Six powers ready to cooperate with Iran in peaceful use of nuclear energy — diplomatRussian Politics & Diplomacy April 25, 23:40
Confederations Cup: Russia vs Portugal match sold out, says FIFA secretary generalSport April 25, 21:20
Russian diplomat suggests UN should develop strategy to fight fake newsRussian Politics & Diplomacy April 25, 20:16
Putin backs creation of system to promote Russian goods on domestic marketBusiness & Economy April 25, 19:15
OSCE concerned over Russia’s declaring Jehovah’s Witnesses extremist organizationWorld April 25, 19:00
Russia to complete import substitution program for helicopter engines by 2019Military & Defense April 25, 18:39
Government is not going to reject floating ruble rate, Putin saysBusiness & Economy April 25, 18:10
Russian Navy rids itself of dependence on Ukrainian enginesMilitary & Defense April 25, 17:55
Ukraine's refusal to continue military cooperation prompts Russia to create new industriesMilitary & Defense April 25, 17:50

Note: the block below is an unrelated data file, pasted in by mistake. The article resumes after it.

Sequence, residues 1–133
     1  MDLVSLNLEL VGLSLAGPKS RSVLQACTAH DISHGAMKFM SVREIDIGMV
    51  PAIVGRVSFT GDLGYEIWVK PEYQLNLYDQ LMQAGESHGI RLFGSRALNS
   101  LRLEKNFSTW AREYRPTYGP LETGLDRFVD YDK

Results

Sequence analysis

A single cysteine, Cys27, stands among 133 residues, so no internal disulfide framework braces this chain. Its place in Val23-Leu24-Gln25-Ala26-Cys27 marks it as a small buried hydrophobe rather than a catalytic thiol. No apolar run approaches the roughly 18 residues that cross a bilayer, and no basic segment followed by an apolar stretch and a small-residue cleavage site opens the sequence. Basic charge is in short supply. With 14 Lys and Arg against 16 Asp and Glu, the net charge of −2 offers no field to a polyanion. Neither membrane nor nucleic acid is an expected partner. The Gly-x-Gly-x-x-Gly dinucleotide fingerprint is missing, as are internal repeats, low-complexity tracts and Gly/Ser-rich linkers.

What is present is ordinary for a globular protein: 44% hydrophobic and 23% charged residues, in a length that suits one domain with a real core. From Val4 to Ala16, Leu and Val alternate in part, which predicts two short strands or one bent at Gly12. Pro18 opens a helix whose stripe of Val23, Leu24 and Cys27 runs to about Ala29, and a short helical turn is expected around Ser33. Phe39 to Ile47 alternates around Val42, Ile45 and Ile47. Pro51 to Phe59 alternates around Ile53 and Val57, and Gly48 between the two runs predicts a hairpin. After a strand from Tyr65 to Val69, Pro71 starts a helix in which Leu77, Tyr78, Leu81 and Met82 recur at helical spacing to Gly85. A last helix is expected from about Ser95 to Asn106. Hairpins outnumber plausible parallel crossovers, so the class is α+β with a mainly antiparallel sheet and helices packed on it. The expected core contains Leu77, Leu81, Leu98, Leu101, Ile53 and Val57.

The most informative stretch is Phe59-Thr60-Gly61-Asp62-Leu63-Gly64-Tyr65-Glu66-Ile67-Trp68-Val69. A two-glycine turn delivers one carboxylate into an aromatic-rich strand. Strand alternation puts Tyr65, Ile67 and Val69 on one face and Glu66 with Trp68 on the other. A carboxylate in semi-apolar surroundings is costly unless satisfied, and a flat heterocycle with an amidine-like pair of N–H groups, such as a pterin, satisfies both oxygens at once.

KYZYL, June 20 (Itar-Tass) - An interreligious Buddhist-Orthodox Council was established in Russia’s republic of Tuva on Thursday.
The key goal of the council is to promote a dialogue between traditional religions in order to prevent ethno-religious conflicts, according to Bishop of Kyzyl and Tuva Feofan and Kamby Lama of Tuva Tenzin Tsultim.
The head of Tuva, Sholban Kara-ool described the establishment of the council as a “milestone event as we approach the 100th anniversary of the unification of Russia and Tuva. “ “The friendship between peoples is very strong when such basic platforms as traditional religions come to terms. I would like the Kyzyl eparchy and the Association of Buddhists to pool their efforts to solve the most difficult social problems of people,” he said.
“There are few regions to have been visited by both the Dalai Lama and the Patriarch of All Russia. We have had the honor of welcoming the two spiritual leaders here,” the governor said. “This fact has prompted the establishment of the Buddhist-Orthodox Council of Tuva.”
The idea was first voiced by Patriarch of Moscow and All Russia Kirill back in 2011, when he paid the first-ever visit to the republic.
More than 60 percent of Tuva’s population of 312,000 are Buddhists, and about 20 percent profess Orthodoxy.